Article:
Incorporating these updates will provide a more current and comprehensive view of the role and advantages of cloud computing for healthcare.  


The application of cloud computing for healthcare can positively impact the industry in numerous ways. From cutting down costs or reducing the time spent to offering organizations much-needed flexibility, scalability, and empowering collaboration between healthcare researchers. The latest reports on the topic show that adopting cloud solutions is something clearly on the table for medical organizations with the main obstacles being either security concerns or a lack of internal technical resources. Choosing the right cloud and healthcare development partner can easily overcome both issues.    


In healthcare, cloud computing is employed for storing, managing, and processing health information and applications via the Internet. It supports electronic medical records, telehealth, mobile health apps, and patient engagement platforms, enabling efficient data sharing, improved care coordination, and enhanced operational efficiencies.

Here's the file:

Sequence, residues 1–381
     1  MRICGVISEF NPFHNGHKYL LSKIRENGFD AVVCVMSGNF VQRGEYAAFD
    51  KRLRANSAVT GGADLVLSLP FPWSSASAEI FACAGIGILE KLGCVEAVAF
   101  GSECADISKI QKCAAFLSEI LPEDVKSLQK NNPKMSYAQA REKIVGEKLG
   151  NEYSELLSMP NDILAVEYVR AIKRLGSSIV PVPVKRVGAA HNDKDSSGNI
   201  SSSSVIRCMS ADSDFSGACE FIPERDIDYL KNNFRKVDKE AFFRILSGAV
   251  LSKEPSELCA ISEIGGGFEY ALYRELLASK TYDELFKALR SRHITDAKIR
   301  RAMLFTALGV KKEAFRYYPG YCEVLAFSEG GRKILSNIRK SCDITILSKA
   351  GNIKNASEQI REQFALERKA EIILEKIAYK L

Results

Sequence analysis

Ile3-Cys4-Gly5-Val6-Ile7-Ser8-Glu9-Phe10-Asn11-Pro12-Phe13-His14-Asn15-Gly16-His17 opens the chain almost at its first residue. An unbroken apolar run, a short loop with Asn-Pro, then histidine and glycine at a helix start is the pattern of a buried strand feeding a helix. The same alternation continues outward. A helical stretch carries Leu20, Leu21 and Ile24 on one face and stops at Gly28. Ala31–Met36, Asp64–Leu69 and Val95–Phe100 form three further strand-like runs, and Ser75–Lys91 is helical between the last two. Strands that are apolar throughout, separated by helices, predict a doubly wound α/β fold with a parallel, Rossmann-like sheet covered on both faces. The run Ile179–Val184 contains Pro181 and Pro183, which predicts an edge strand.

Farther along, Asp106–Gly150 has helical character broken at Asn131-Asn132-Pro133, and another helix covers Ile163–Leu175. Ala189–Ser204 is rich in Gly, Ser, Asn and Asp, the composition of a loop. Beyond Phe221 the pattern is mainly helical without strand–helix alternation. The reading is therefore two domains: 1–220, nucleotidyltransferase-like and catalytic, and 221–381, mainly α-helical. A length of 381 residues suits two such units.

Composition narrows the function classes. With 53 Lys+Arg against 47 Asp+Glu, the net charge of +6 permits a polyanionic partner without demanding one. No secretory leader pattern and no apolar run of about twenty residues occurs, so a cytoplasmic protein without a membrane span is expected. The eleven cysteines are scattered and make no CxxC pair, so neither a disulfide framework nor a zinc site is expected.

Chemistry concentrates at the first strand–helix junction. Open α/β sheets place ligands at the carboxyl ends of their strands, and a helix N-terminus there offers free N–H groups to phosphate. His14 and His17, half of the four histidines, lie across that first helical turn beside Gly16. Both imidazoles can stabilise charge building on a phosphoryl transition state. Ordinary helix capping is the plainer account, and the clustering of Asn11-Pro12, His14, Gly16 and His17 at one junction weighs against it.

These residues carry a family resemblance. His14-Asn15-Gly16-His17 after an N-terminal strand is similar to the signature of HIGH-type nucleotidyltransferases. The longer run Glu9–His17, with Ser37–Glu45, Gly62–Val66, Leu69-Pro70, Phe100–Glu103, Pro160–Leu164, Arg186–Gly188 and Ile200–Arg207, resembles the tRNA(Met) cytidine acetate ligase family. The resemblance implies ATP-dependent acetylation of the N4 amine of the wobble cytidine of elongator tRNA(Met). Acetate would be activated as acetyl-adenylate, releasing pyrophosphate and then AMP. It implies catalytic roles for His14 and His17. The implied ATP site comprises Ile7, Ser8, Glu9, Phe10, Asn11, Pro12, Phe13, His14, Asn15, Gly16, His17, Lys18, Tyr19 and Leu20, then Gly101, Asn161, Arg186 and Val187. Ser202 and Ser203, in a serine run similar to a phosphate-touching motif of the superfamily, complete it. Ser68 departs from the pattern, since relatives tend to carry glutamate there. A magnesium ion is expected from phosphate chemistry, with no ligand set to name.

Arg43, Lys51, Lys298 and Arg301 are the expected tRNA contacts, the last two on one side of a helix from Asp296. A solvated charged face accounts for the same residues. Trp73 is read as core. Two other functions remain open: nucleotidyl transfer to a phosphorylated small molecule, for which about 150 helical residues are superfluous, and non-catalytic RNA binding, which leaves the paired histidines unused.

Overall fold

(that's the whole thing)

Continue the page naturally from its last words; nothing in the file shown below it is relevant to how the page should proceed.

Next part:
The primary concern with cloud computing for healthcare is ensuring the security and privacy of sensitive health data. Healthcare organizations must protect patient information from breaches and cyber-attacks, requiring compliance with stringent regulations like HIPAA to ensure robust data protection measures are in place. 

Challenges in healthcare cloud computing include data security and privacy concerns, regulatory compliance, interoperability issues, managing costs and resources, potential service downtime, and complexities in data migration. Addressing these challenges requires strategic planning and working with reputable cloud service providers. 

Cloud computing offers healthcare numerous benefits, such as scalability of IT resources, enhanced accessibility for remote care, cost efficiency by reducing infrastructure expenses, advanced analytics and AI capabilities for better disease management, improved collaboration among care providers, and fostering innovation by easing the development and deployment of new healthcare solutions.